FIG. 2 depicts a flow diagram of an ‘efficient response generation’ method 2000 in accordance with an illustrative embodiment. To more concisely describe FIG. 2 reference will be made to one particular instance of a URI Descriptor data structure, mnemonically “d”, similar to the Nth URI Descriptor data structure 1400. In this illustrative embodiment, steps of this method are performed by a server process, for instance a suitably modified version of the Apache HTTP server (available from <http://www.apache.org> and in many commercial products). The particular server application is not fundamental, and others may be used without limitation, on variants of POSIX-like operating systems, WINDOWS operating systems from Microsoft Corp. of Redmond, Wash., or other operating systems.
Process flow initiates at a ‘start’ terminal 2010 and continues to receive a ‘request’ data block 2020. In this illustrative embodiment, the ‘request’ data block 2020 is a Request Message in accordance with the Hypertext Transfer Protocol (“HTTP”). However, as one of skill in the art will appreciate, other embodiments of the invention could work with other communication protocols and the particular protocol is not fundamental. In accordance with the draft HTTP/1.1 (available from World Wide Web Consortium at <http://www.w3c.org> and the MIT Laboratory for Computer Science in Cambridge, Mass.), a Request Message comprises: a Request Line and zero or more Message Headers. A compliant Request Line comprises the URI and, in practice, typically several Message Headers are included in a Request Message that provide request modifying information, for instance as set forth in the HTTP protocol.
Next, a ‘request URI extraction’ process 2030 extracts the URI from the Request Line and process flow continues to a ‘URI hashes to descriptor’ decision process 2040. Using a conventional case-insensitive hash function, the ‘URI hashes to descriptor’ decision process 2040 hashes the URI received from the ‘request’ data block 2020 for a lookup operation in the hash table 1100. (One of skill will appreciate that use of a hash table is not fundamental; other data models could be used; preferably, the data model provides O(1) speed for lookup independent of the size of data set.) If the URI is not found in the hash table 1100, the ‘URI hashes to descriptor’ decision process 2040 exits through its ‘no’ branch and process flow continues to a ‘URI rewrite mapping’ process 2050.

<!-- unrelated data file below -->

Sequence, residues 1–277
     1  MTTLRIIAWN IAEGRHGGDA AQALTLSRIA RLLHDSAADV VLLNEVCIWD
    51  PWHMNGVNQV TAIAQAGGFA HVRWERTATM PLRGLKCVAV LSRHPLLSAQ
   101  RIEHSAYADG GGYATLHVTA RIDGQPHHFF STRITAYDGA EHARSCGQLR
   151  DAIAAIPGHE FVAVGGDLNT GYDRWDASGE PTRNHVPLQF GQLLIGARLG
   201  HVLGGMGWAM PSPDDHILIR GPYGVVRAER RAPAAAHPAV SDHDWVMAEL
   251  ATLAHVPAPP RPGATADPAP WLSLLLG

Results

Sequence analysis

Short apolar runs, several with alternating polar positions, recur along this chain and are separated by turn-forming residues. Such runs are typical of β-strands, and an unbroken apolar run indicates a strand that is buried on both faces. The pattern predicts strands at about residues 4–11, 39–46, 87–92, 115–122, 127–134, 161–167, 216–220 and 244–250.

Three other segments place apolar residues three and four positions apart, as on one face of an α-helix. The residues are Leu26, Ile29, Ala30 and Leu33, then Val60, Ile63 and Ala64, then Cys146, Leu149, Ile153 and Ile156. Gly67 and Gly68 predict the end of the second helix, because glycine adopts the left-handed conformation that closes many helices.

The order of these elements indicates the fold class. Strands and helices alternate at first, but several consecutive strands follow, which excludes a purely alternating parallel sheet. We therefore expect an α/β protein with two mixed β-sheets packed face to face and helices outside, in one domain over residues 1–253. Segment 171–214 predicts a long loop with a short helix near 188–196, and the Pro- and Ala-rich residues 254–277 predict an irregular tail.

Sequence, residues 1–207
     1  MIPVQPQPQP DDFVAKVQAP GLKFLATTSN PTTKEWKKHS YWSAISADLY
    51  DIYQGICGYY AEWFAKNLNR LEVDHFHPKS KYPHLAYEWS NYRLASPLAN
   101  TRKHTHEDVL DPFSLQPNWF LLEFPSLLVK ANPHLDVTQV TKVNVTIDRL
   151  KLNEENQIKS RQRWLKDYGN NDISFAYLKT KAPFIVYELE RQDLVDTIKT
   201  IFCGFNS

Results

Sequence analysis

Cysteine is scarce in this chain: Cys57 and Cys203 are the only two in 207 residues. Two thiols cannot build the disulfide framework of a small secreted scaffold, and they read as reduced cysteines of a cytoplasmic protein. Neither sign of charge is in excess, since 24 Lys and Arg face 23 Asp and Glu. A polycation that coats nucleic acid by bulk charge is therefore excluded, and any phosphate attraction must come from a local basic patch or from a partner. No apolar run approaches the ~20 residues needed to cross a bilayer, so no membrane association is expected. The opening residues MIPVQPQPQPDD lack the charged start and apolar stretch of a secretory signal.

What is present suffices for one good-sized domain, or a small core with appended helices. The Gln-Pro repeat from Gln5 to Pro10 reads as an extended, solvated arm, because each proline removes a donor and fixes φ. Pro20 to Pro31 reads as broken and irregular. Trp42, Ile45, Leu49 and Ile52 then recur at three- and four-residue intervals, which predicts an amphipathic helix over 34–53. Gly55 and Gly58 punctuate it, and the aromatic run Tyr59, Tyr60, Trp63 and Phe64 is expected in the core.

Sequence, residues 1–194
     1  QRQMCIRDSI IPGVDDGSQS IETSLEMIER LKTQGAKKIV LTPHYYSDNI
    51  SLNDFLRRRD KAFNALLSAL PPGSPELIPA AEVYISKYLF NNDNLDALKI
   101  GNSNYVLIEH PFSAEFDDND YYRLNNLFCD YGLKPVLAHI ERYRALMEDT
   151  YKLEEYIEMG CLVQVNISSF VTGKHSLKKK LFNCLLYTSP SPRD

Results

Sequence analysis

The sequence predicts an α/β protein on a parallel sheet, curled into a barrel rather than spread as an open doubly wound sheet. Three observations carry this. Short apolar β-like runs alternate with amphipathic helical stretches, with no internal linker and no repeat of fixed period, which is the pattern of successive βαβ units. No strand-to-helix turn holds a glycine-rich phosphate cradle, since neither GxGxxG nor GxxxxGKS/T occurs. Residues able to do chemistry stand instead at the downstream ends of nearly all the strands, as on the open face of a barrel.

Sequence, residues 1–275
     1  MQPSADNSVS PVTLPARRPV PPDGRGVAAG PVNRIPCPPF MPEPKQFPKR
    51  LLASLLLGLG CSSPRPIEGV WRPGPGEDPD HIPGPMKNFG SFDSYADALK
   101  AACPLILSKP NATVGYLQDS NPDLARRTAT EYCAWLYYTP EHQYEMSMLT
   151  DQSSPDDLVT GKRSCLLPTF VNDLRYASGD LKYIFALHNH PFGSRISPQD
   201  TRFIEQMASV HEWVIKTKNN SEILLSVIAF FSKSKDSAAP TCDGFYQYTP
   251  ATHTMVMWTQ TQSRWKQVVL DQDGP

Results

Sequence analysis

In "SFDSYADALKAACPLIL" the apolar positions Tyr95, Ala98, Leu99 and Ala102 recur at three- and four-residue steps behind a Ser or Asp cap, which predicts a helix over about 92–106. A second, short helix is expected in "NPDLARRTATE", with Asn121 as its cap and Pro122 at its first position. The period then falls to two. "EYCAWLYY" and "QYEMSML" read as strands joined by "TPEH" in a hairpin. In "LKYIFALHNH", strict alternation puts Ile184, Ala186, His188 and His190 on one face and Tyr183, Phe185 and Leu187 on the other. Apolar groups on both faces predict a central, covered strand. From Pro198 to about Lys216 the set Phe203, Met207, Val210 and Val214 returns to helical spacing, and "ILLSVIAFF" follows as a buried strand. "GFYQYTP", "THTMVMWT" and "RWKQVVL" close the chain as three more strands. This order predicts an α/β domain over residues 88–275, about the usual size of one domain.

The ‘URI rewrite mapping’ process 2050 performs a translation from the URI to an internal name for the resource associated with the URI. Typically the internal name is a location in the filesystem of the hardware running the server process. However, the URI may also map to, for instance, debugging information, a directory listing, or one of several default internal names of the server process. When Apache is used, the mod_rewrite uniform resource identifier rewriting engine may be used, and analogously functioning modules may be used with other servers, if desired. Typically, the flexible mapping from the URI to an internal name involves relatively computationally expensive parsing and extraction. Appreciable efficiencies may be obtained by caching the results of this mapping so that it need not be repeated for succeeding requests for the same resource. When the internal name for the resource has been determined, process flow then continues to a ‘URI descriptor creation’ process 2060.